Saturday, November 02, 2013

Food for Thought

Pamela Hsieh
Rehab Revolution
25 October 2013

I’ve had requests for articles on food, but I’ve put off writing them because over the years, I’ve realized some truths among all the confusion. Not only this, but I wasn’t really ready to tackle it until recently, as I’ve made some major lifestyle changes (thanks to Tony Robbins, of course).

Red quinoa salad -- yum!
Without further ado -- here are five discoveries I’ve made about food, nutrition, and the industry.

1. There’s a lot of controversy and contradiction even among experts. Do you eat meat? Drink milk? Like peanut butter? Want to snack? Drink coffee? I’ve heard opposing stances from food/nutrition authorities coming from every angle for each of these things. Which brings me to . . .

2. Every body is different. Ultimately, what works for one body may not work for another. We all have varying sensitivities, from what we like to what we’re allergic to or what weaknesses we have built into our bodies. I know a guy who swears by eating identical meals every single day, and another who essentially fasts all day until dinner, at which point he practically binge-eats. I disagree with both these approaches, but at the same time, I do think a large part of what eating habits work for us is the result of trial and error. Not everyone benefits from cutting out certain types of food from their lifestyles, but for one reason or another, others will swear by it.

3. There are multiple dimensions to every claim you’ll find. In keeping with number one, sometimes you kind of have to weigh the pros and cons to any food choice you make. For instance, there are some authorities who tout coffee in moderation as good for you (because of the antioxidants), and others who shun it as detrimental (for its acidity or for its caffeine). When it comes to these things, I think it’s really up to you and your particular strengths and weaknesses to decide what’s more important.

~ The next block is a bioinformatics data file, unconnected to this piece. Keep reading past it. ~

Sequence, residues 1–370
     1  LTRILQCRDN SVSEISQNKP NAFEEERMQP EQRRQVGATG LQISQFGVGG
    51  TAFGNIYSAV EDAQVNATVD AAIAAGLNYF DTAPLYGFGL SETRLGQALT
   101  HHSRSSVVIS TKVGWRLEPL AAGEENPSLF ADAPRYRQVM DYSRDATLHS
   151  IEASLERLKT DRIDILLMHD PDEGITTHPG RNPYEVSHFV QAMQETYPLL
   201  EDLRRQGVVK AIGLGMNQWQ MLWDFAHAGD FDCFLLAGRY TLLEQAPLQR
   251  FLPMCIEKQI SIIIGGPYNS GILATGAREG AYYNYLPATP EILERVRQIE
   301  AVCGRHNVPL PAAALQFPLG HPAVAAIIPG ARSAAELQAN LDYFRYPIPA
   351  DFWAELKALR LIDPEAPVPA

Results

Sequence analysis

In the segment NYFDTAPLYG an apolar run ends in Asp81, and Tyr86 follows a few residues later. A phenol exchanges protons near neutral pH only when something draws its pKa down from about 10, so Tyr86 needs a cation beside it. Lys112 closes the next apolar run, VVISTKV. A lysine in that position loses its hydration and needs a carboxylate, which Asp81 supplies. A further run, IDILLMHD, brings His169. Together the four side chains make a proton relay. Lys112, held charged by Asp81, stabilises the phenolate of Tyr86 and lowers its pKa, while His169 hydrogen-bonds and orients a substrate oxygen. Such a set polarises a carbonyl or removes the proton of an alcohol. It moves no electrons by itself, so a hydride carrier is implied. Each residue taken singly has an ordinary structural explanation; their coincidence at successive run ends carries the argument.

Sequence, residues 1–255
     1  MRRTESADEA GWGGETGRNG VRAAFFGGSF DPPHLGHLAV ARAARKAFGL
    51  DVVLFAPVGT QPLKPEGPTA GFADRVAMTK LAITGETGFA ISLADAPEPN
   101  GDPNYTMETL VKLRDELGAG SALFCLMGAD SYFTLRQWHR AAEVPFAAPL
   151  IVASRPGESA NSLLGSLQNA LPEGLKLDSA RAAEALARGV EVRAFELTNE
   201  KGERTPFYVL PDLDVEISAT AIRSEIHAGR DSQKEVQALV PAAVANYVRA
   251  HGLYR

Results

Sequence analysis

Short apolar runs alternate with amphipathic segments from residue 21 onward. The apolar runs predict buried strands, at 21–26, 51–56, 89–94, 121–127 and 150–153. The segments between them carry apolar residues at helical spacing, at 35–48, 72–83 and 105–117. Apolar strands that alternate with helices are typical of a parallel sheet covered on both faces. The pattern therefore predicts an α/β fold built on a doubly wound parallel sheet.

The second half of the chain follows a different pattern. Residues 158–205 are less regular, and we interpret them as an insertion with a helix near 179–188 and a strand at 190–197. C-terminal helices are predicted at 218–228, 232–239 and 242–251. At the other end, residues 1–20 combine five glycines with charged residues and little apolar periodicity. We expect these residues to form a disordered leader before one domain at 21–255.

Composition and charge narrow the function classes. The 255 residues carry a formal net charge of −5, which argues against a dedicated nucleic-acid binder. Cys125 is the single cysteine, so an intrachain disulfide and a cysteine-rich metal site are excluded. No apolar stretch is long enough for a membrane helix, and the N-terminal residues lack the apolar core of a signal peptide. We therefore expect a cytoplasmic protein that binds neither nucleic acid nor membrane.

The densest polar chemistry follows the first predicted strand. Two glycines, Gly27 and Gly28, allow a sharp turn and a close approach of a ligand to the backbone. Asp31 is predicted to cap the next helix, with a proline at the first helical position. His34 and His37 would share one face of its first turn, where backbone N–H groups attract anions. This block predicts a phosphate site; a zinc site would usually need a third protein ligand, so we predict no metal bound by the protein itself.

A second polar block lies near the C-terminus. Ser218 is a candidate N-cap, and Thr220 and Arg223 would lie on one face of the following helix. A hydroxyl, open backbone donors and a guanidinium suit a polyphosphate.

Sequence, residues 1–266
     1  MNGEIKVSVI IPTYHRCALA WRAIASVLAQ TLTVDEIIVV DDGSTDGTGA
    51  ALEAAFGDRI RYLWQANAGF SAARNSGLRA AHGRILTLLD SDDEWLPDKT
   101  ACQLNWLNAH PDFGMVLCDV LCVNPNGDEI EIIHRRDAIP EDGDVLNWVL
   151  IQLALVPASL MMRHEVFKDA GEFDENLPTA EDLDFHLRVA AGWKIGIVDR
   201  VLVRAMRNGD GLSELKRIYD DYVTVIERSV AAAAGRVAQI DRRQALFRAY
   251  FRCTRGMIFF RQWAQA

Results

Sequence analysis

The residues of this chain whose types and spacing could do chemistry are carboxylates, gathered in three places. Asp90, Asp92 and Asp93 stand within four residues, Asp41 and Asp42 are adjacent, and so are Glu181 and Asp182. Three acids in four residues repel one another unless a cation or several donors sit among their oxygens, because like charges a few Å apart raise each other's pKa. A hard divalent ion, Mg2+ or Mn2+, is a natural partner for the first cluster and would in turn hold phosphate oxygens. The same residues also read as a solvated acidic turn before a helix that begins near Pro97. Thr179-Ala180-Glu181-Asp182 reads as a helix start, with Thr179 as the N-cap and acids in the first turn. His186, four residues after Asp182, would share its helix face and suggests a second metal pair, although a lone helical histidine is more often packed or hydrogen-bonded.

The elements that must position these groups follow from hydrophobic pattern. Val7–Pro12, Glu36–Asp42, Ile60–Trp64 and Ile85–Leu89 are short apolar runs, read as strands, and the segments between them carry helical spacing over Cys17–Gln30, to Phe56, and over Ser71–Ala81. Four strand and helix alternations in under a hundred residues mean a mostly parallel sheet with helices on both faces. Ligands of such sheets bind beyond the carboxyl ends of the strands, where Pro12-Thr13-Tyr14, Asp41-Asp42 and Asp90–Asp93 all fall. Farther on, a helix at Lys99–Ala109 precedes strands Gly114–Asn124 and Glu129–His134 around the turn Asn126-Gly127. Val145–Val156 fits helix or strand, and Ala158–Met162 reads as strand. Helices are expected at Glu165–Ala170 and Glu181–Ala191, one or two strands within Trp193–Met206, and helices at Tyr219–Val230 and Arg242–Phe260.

4. A lot of experts place too much emphasis on weightloss. While most of us would probably love to release a few pounds (I certainly am not immune), unless you are actually obese and it is truly an issue that is hindering your well being -- and thus, is a health issue -- the reason why this bothers me is because calorie counting culture promotes more what you look like than what’s going inside your body and feeding your organs and bloodstream. This is like promoting Oreos because they are vegan. No matter how you look at it (or how the cookie crumbles, if you’re so inclined!), an Oreo is not a health food. I much prefer looking at food from a health perspective as opposed to aiming to have a slimmer physique. Look, eat healthy and exercise, and the excess weight will naturally come off. I speak from very recent experience!

5. You have to do your research on most things. Question EVERYTHING. I’ve found, annoyingly, that the United States food industry has among the most corrupt business practices I’ve ever seen, and you can’t just take someone’s word for it. There are hidden, potentially harmful ingredients in most processed foods, and often even things we’ve been raised to believe are really good for us have skeletons in their closets. So just because it’s organic or “natural” doesn’t necessarily mean it’s completely risk-free. I’ve built up pretty good intuition on this type of thing over time, and you will too. A good resource I’ve found is Foodbabe’s blog. A word of warning, though, doing research on what you’ve been eating can be very disconcerting. Better to know than not, though, as eating what’s easy comes with a hidden, VERY expensive price tag that usually sneaks up on you after years’ worth of accumulation.

Personally, I think it’s irrational and unrealistic to eat perfectly. There probably is no such thing, so generally speaking I aim for an 80/20 ratio. This way, I never feel deprived of little indulgences, but on the whole, I feel great and I’m nourishing myself properly most of the time.

Some people recommend having “cheat days,” but I dislike this approach for myself because it creates a sort of worshippy mentality when it comes to crappy food. Plus, if you do eat clean regularly, the idea of an entire day of cheating sounds like a nightmare. (Take it from me -- the stomachaches, bloating, feeling like you’re going to vomit is so not worth it.)

All this said, I’m wary of labeling myself any kind of authority on food. There is so much opposing information out there, so much confusion, that a lot of the time I’m not even sure where I stand. (This is very uncomfortable for me, as I usually have very strong stances on any belief I hold.) I’m happy to share what it is I eat in the form of recipes or Instagram (#rehabrevolution) photos, and I’m down with writing some content that I feel will be helpful in educating you on little-known facts about foods a lot of us eat, but I want you to take it with a grain of salt.

Please be the pioneer of your own body’s health. I can’t possibly know what’s best for your body, so take my words as a guide, not as law.

To our healing,

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